And this is where the sporting analogy comes in. Sport is governed by rigid rules that are accepted by all who take part. There is no room for interpretation or discretion, nor should there be. It is no good, in top-flight sport, to plead a bout of flu, or a shoulder injury, or the distracting expression on the face of an opponent. Well, you can, but it will not alter the result. Nor will it qualify you for more lenient treatment or take any seconds, even fractional ones, off your time. The rules are the rules, and modern technology – Hawk-Eye in tennis, for instance, or electronic sensors in fencing – has made it easier for the judges to spot infringements and keep the score.
General acceptance of the rules, whether of sport or war, however, can only be the start. A central feature of sport is that there has to be a winner. Draws and dead heats are vanishingly rare. However unfair the football penalty shootout might seem to be, after 90 minutes of full time and 30 minutes of extra time, with the players practically collapsing on the pitch, it has a purpose: to produce a winner. Similarly, the tie-break in tennis, and the photo finish on the track.
What is more, if there is a winner, then there must be losers – genuine losers who accept that they were beaten by an individual or team which performed better. The result has to be clear enough to discourage subsequent challenge. The other side of a clear result, however, is that the victor must treat the loser or losers decently. How the victor should behave is, essentially, what the Geneva Conventions prescribe. But the prerequisite for a lasting peace has to be the acceptance of the result by all sides: and that means not just by the winners and the losers, but – as in sport – by the supporters (allies) and spectators (major powers and neighbours). A victory worth the name has to carry conviction.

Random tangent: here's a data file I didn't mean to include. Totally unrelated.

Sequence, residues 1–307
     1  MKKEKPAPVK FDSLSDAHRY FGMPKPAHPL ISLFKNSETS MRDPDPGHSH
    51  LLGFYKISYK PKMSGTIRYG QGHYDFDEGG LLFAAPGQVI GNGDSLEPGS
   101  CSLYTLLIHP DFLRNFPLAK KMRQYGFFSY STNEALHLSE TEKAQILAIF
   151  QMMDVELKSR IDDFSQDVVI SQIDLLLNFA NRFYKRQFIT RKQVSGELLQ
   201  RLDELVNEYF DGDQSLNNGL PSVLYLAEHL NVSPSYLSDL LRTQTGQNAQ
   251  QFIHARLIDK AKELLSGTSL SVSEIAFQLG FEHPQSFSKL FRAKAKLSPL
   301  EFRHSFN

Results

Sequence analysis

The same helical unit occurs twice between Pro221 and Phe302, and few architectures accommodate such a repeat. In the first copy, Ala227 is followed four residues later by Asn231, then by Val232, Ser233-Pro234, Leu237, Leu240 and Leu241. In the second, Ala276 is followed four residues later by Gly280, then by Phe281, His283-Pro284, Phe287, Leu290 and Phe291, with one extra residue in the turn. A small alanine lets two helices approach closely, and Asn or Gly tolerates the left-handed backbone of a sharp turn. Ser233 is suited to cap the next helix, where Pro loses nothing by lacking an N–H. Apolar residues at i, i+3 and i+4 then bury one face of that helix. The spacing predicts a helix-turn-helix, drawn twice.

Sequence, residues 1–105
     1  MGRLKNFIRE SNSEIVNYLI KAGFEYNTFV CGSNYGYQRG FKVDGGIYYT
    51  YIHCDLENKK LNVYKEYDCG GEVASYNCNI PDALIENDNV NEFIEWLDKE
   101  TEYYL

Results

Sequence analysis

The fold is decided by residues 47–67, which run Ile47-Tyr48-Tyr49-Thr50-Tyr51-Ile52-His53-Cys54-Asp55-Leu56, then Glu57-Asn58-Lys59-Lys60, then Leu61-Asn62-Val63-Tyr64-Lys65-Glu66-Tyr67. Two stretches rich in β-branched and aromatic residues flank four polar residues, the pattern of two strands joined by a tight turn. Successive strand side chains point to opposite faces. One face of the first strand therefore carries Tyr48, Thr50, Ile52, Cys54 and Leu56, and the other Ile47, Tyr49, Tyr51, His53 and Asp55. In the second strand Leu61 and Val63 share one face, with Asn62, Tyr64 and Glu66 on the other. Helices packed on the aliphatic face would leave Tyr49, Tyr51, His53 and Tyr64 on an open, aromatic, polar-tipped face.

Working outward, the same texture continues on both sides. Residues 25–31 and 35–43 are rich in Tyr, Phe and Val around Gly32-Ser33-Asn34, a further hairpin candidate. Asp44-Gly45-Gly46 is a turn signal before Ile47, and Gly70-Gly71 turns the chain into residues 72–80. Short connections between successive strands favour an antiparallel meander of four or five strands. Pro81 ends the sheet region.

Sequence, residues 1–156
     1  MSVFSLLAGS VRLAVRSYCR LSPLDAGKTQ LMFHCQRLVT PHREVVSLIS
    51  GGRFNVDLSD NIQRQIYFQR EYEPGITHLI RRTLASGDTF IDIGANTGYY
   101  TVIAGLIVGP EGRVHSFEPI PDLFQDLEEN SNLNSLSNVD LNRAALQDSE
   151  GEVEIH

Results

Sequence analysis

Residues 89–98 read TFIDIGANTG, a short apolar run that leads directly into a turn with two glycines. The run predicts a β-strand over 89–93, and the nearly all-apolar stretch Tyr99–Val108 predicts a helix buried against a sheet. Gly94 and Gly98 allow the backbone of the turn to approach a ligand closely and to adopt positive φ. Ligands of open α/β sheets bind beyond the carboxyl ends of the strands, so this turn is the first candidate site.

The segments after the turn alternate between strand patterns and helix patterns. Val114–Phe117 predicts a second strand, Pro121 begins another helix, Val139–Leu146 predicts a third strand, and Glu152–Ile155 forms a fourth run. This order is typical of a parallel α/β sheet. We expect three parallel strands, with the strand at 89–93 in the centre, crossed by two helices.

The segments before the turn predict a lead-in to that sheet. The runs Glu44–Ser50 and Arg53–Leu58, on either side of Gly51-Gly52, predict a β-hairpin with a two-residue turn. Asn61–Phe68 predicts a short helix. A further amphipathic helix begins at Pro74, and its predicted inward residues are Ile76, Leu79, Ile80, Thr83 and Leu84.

One reason why so many recent conflicts have remained unresolved for so long – Israel-Palestine, the so-called frozen conflicts (Nagorno-Karabakh, Transdniester, South Ossetia and Abkhazia) left over from the collapse of the Soviet Union, as well as Kosovo – reflects, in part at least, the reluctance of other powers to countenance a fight to the end and the popularity, more recently, of the doctrine of humanitarian intervention. Tony Blair was an enthusiastic proponent, but it was also cited by Britain and France in defence of their aerial intervention in Libya.
But intervening in other people's wars on behalf of the weaker party, however admirable and humane that might seem, may simply arrest a conflict artificially, distort the power balance, delay the inevitable, and cost more lives. Take Kosovo. It is not at all obvious, even now, that it can survive as a state without outside support, or that Serbia will ever accept the present arrangement. A longer war, with a winner, sealed by a treaty agreed by all, might have produced a more durable result, and might yet have to happen. Where supremacy is at stake, the fight has to be taken to the end, which is why the version that concludes with a medal ceremony is so much better for everyone than any other kind.